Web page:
Here’s Why Your Company Should be Embracing Remote Working
Remote working is revolutionizing the way modern businesses operate. Instead of employees being required to commute daily to a central office, operated by the employer, they are instead free to work from any other location. It could be the employee’s home, a shared working space or indeed anywhere outside of the traditional corporate office building.
Of course the process of decentralizing your operation brings with it its own obstacles and considerations especially when the central office model has been the norm ostensibly since the industrial revolution. The first is a question of security.
Online security factors are paramount to the success of a modern business. Failure to properly implement an effective cybersecurity approach can result in dataleaks, ransomware, costly downtime and possibly legal culpability.
Each year we witness attacks in just about every industry; from the World Health Organization to shipping giants Maersk and even the catastrophic breach of US credit agency Equifax where 145 million users’ information was unlawfully obtained. In short, cybersecurity should be a priority for any company, large or small.
In a traditional office environment, it is more straightforward for the IT department to monitor the activity of any node on a network but there is a further element of complexity when remote working is involved. Thankfully, many third party companies offer comprehensive support for businesses of all sizes to ensure they remain secure while not sacrificing the versatility of a mobile workforce.
A zero trust network is one such method; each user or device is granted access specifically and explicitly to only the applications it is permitted to use, while the rest of the network remains invisible. These are known as granular access policies and when combined with Transport Layer Security (TLS) communication (instead of WAN connections) provide an easy to implement solution for remote workers.
A ZTNA provides many advantages over a conventional hardware/on-premises VPN/firewall and when you make use of a third-party specialist you can always customize the software to create a bespoke product that fits your operation.
It may not be feasible to do away with the office premises entirely; physical meetings sometimes need to take place, in person training and some collaborative efforts are more effective when the whole team can come together. But if the office is still required it can certainly be reduced in size or hours of operation. It may even be possible to share a space with one or several other similar sized companies.
Ultimately, this means lower overheads in the form of rent, utilities and cleaning costs, employee travel expenses, food perks and in some cases renegotiated wages due to workers not needing to live in more expensive locations in close proximity to the office.
Employees will also feel the benefit to their monthly budget. Occasionally a client facing Zoom call might require smarter clothes but there’s likely to be less need for a costly work wardrobe that needs updating annually. Similarly commuting costs will be saved, whether that be the cost of gas, parking and depreciation and repairs of an automobile, or a monthly travelcard if public transport is used.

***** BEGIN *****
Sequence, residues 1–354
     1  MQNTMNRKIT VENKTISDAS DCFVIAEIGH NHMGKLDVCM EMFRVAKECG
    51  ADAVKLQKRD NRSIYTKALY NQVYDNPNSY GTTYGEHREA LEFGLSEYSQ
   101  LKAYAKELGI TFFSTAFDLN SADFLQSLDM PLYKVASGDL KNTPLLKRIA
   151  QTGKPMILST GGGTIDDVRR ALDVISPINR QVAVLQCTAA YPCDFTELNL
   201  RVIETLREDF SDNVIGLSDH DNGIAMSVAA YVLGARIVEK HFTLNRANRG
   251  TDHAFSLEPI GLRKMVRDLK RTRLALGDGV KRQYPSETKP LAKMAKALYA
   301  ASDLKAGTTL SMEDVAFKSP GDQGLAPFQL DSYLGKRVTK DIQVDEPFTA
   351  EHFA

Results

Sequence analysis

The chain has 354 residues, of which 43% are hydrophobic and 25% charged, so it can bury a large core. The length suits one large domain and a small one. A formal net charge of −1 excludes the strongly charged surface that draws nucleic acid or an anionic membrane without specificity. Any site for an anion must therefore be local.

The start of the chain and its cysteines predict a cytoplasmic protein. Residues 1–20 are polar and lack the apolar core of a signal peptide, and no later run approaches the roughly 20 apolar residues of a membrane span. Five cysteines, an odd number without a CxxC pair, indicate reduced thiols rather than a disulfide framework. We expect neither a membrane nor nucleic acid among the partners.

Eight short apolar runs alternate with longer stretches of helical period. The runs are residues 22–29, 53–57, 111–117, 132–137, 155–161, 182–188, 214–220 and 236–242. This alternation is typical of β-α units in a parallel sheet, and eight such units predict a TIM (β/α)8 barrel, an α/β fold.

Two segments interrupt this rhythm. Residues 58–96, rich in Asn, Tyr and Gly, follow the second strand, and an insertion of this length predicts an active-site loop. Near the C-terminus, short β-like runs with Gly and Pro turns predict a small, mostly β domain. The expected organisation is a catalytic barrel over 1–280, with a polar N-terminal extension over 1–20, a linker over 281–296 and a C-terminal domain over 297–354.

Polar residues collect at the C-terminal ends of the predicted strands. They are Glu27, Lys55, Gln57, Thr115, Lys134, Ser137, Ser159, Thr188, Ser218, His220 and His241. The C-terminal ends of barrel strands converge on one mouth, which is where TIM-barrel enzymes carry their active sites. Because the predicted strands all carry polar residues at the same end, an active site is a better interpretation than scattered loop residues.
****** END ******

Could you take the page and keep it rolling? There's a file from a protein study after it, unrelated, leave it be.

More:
A Motivated Workforce
Employees given the freedom to work from home feel valued, empowered and trusted by the company and their superiors, and are consequently more likely to want to deliver their best work so as to prove that that trust was not misplaced. There are even researched psychological benefits to working remotely with many reporting lower stress levels and other mental health benefits.
And for those reticent that productivity may suffer, there are a series of tools that managers can utilize on company devices to quantify the output and hours worked by each staff member. Primarily, a workforce, well trained in their role and communicated with effectively helps to ensure operational gaps do not occur.
Slack is one of the most widely used communication platforms that enable companies to share information and stay in touch remotely, and has many advantages over email. Time, activity and task trackers like Insightful can provide management with statistics of each remote worker.
There is in fact data that suggests reducing hours in work can lead to increased productivity. The 4-day working week has been trialed in several countries but it’s too soon to ascertain its true effectiveness. Most follow the 100-80-100 model which states employees receive 100% of the pay for 80% of the time in exchange for at least 100% productivity.
Japan, Spain, The UK, Ireland, Lithuania and most famously Iceland have all experimented to varying degrees with reduced working hours.
Although a member of staff might be scheduled to work between the hours of 9am and 5pm, the hour long (sometimes longer) commute tacked on to each end of the working day is all time dedicated to the job that contributes to burnout and job dissatisfaction. Freeing up that time in the morning and the evening by offering remote working options means workers are less likely to want to consider a job closer to where they live due to the convenience of a lengthy commute.
The pool from which employers can advertise to and pick their workforce from opens up, in some cases internationally, when remote working is on the table. This does a fantastic job of placing the best candidates in the best roles which is a big win for both employers and employees.
Being adaptable is beneficial in many areas of business and remote working might be a sign of how companies operate in the future. Once the initial teething problems of transferring to a new system have been ironed out, you may wonder why you didn’t try it sooner.